The company peaked a few years ago, so they wanted to recover the money they invested in it before the company didn't worth anything.

      Microsoft wanted to take a significant share in the mobile market, because they were unable to achieve it with their products.
      Buying Nokia was the easiest way to get more than 10% of this market.

      I'm sorry for all the people who believed in Nokia

      • It's worse than you think [forbes.com]

        I think though, this is the result of the bungling OPK and even a bit before him Jorma Ollila, where the company wasn't focused on putting out great products but rather became concerned with infighting and territorial control. The whole place was dysfunctional from the inside out.

      • by Threni (635302)

        > Do you believe that Nokia was naive when Elop was hired ?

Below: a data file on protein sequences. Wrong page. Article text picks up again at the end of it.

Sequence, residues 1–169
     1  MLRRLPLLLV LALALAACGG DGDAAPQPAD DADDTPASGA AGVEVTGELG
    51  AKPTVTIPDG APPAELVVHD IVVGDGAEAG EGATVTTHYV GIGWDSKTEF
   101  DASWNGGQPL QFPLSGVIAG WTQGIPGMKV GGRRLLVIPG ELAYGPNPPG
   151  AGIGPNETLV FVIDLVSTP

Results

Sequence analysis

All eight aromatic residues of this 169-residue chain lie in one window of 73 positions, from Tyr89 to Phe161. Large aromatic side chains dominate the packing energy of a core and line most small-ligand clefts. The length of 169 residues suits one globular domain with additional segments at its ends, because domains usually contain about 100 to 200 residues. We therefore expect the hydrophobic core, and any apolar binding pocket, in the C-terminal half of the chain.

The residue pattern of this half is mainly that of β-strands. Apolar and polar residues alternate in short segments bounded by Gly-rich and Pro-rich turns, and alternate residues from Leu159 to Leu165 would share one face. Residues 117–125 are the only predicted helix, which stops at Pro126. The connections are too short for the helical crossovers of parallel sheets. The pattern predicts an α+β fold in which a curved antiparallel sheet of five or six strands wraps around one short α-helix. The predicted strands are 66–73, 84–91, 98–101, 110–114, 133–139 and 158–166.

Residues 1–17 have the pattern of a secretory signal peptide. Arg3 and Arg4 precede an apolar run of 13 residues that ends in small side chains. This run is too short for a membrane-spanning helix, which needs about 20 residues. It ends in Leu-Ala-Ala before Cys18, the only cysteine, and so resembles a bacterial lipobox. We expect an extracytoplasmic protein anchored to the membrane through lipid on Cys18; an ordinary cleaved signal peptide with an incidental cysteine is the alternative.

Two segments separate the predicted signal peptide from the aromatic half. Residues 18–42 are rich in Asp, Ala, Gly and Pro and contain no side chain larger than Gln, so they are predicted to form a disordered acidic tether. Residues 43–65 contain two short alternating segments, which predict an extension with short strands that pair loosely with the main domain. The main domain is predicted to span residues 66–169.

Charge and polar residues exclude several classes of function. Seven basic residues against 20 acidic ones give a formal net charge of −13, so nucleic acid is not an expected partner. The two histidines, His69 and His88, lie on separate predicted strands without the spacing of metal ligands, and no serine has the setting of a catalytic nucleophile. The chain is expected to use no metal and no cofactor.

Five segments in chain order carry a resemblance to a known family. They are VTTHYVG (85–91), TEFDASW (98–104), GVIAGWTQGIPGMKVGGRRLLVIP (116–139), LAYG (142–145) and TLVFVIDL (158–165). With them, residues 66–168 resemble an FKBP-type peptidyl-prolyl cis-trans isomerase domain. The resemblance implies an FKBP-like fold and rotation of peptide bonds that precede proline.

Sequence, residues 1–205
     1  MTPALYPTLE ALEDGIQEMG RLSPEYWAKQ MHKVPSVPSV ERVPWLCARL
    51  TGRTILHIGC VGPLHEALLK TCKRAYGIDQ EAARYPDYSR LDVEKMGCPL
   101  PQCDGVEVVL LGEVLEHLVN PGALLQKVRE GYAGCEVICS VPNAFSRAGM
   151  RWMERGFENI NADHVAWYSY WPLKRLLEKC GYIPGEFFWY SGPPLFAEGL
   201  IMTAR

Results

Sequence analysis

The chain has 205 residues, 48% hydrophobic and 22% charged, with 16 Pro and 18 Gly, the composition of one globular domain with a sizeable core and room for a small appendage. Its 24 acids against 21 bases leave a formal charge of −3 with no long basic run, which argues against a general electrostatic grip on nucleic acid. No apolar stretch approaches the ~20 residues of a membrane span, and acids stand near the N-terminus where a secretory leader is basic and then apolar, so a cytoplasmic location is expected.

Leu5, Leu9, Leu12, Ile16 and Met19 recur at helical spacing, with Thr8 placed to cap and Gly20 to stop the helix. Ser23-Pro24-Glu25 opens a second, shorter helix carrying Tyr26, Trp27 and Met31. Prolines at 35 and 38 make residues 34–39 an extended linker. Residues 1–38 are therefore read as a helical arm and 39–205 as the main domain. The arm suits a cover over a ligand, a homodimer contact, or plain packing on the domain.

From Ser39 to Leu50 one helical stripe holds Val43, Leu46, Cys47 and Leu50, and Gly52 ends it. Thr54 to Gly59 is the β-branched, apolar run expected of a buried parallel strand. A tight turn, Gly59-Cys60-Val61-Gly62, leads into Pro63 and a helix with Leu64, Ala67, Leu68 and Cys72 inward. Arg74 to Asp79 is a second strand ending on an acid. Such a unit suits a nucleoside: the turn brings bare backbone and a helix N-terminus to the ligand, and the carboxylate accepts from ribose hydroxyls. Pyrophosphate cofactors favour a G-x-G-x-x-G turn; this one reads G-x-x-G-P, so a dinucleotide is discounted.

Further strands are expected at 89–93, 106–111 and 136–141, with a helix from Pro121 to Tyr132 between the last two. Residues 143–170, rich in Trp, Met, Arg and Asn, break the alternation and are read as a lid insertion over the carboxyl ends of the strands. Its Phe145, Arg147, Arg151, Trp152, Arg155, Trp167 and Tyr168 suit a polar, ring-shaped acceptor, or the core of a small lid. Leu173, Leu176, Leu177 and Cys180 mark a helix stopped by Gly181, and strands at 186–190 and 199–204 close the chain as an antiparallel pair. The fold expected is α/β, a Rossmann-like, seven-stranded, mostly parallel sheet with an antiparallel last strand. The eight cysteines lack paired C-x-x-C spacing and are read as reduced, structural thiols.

Yes. They knew they were losing - that's not insight; that's just looking at the figures. They needed to do something. They probably thought he was going to use his experience to help, not to make decisions which would lead to them losing enough money so that his (previous) employers could perform a takeover. I'm a little surprised there's been no lawsuit yet; perhaps now is the time for that?

      • by dbIII (701233)

        Do you believe that Nokia was naive when Elop was hired

        I believe some of Nokia's board members got kickbacks starting from just before they hired Elop since among many other things that explains why they didn't throw Elop out for performance far worse than what they threw out the previous CEO for.
        Nokia was an enormous company, yet it was the first CEO gig for Elop. That smells pretty funny on it's own.

    • by Culture20 (968837)
      "Buy him out boys!"
      http://vimeo.com/70498601 [vimeo.com]